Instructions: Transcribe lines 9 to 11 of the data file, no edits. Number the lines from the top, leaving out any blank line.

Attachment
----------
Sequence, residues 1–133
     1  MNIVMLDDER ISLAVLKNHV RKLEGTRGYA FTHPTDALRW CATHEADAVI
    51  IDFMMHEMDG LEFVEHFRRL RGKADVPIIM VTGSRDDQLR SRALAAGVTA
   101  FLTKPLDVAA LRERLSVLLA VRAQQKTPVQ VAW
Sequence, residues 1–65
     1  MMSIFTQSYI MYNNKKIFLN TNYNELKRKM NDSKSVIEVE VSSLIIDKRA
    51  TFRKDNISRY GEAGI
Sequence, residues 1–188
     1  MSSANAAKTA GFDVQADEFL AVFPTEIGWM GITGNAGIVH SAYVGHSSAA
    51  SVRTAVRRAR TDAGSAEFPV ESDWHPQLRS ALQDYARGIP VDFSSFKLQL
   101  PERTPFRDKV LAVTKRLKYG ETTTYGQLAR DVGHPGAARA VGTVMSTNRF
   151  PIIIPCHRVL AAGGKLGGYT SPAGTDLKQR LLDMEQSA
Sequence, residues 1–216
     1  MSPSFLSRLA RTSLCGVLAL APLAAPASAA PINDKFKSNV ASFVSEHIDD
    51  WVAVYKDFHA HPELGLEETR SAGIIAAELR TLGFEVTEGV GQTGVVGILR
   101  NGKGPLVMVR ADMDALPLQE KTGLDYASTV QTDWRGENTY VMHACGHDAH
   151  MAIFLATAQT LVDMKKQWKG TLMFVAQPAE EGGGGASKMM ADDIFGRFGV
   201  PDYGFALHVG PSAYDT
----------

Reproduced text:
     1  MSSANAAKTA GFDVQADEFL AVFPTEIGWM GITGNAGIVH SAYVGHSSAA
    51  SVRTAVRRAR TDAGSAEFPV ESDWHPQLRS ALQDYARGIP VDFSSFKLQL
   101  PERTPFRDKV LAVTKRLKYG ETTTYGQLAR DVGHPGAARA VGTVMSTNRF